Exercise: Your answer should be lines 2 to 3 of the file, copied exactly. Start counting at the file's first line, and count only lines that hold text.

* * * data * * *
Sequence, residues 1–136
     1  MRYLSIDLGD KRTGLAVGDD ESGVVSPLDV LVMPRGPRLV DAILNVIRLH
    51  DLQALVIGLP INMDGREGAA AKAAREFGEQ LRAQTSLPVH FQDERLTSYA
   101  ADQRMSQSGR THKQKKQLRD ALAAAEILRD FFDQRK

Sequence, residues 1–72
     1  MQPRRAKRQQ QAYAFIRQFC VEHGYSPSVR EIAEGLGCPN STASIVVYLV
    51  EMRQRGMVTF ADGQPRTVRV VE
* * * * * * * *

     1  MRYLSIDLGD KRTGLAVGDD ESGVVSPLDV LVMPRGPRLV DAILNVIRLH
    51  DLQALVIGLP INMDGREGAA AKAAREFGEQ LRAQTSLPVH FQDERLTSYA